Monday, July 14, 2008

Credibly accused

The Diocese of Davenport just released the names of 24 priests who were “credibly accused” of sexual abuse.

Meanwhile, Southern Baptist officials won’t even establish a system for assessing the credibility of sexual abuse reports, much less for releasing the names of credibly accused clergy to the public.

If you listen to the excuses and rationalizations of Southern Baptist officials, you might imagine that SNAP had asked them to do something radical and unprecedented in imposing clergy accountability measures. Nothing could be further from the truth.

We asked Southern Baptist officials to do LESS than what most other major faith groups are already doing. And still they thumbed their noses.

We didn’t ask Southern Baptist officials to exercise authority over local churches, or to control the hiring decisions of local churches, or to revoke the ordination of ministers.

We simply asked Southern Baptists to create an office where victims may safely report clergy abuse, and where their reports will be responsibly assessed. And we asked Southern Baptist officials to inform churches of the outcome of those assessments.

In other words, while other major faith groups are actually removing credibly accused clergy from ministry, all we asked of Southern Baptist officials was that they inform people in the pews about credibly accused clergy.

And Southern Baptist officials refused.

By now, we’ve all seen how they distort their autonomy doctrine to rationalize refusing to act on this. But that’s just one of their excuses. I’ve also seen much whining, wailing and gnashing of teeth about the “credibly accused” language.

“What’s the standard?” they ask. “How could anyone possibly decide whether someone was ‘credibly accused’?”

And then they act as though the very posing of the question renders the answering of it impossible and thereby justifies their own refusal to act.

Of course, that’s ludicrous. It’s just more of their excuse-making.

Thanks to their own extraordinary recalcitrance, Southern Baptist officials don’t have to invent the wheel on this. Other faith groups have already done the work of developing standards for assessing the credibility of clergy abuse accusations. So, Southern Baptist officials could draw from the models, examples and standards that are already being used by other faith groups.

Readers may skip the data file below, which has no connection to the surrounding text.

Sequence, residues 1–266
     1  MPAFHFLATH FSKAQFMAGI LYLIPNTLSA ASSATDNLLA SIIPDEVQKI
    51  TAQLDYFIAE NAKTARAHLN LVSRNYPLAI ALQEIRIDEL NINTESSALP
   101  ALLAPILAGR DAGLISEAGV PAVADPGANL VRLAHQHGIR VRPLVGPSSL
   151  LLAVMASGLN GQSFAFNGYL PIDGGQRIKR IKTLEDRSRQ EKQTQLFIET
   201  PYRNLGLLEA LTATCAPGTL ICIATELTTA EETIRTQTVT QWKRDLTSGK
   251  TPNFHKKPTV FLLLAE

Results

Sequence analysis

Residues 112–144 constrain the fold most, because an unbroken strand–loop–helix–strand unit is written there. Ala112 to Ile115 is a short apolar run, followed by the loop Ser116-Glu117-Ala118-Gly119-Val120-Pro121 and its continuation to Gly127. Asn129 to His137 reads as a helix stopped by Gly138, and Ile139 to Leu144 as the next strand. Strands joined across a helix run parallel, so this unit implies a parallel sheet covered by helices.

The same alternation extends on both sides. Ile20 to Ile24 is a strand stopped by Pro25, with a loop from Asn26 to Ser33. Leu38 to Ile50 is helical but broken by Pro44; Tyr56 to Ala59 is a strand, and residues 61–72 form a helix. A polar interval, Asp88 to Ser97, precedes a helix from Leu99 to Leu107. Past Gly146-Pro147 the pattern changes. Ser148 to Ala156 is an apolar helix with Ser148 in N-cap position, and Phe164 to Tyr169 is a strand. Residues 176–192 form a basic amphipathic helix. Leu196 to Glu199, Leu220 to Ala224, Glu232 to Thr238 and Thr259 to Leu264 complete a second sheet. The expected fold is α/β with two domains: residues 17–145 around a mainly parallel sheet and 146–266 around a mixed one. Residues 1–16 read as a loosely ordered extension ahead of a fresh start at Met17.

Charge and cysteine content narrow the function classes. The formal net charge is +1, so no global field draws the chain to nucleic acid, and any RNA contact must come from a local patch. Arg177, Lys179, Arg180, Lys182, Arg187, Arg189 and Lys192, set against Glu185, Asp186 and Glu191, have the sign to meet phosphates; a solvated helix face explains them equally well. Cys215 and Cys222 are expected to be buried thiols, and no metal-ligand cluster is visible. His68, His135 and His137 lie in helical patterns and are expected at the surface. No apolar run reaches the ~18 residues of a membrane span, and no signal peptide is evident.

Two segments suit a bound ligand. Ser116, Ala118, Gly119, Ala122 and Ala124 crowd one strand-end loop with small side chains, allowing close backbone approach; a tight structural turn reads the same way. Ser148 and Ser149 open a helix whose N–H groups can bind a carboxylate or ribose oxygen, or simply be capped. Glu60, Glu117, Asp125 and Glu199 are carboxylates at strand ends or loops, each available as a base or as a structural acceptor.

For example, as paraphrased in the news article, the standard used by the Diocese of Davenport to assess whether a clergy abuse accusation is “credible” is this: “The abuse must be more likely than not to have occurred, corroborated with other evidence or other sources, and/or acknowledged or admitted to by the accused.”

There are also professional investigatory firms that help in assessing sexual abuse allegations. The Episcopal Diocese of Texas recently used a professional investigatory firm to assist with reviewing clergy abuse allegations dating back to the 1960s.

All sorts of factors are used in these sorts of assessments, including documentary evidence such as letters and diaries, any corroboration from other witnesses, circumstantial information, the context in which the event occurred, and statements by the alleged perpetrator (e.g., perpetrators sometimes admit to the conduct but rationalize it in some way such as by calling it “consensual” or saying it was "just" fondling). These sorts of factors are weighed every day by the clergy abuse review boards of other faith groups, by social service agencies, and by investigatory agencies.

Yet, Southern Baptist officials persist in throwing up their hands and acting as though it would be an impossible task.

It’s not. That reality is demonstrated by the fact that other faith groups are already doing it.

But of course, there may be other unstated reasons why Southern Baptist officials don’t want to start assessing clergy abuse reports in the way that other faith groups do.

The assessments of a denominational review board are something news reporters can write about. And that serves to bring clergy abuse into the light of day.

Perhaps that is exactly what Southern Baptist officials don’t want to happen. By refusing to provide any system for the responsible assessment of clergy abuse reports, Southern Baptist officials effectively assure that the public will not find out about most Southern Baptist clergy sex abusers. The predators stay hidden.

This may help to temporarily preserve Southern Baptists’ self-aggrandized image as a moral beacon. But it does so at the cost of kids’ safety.

That’s why it’s an illusory image. There's nothing moral about it.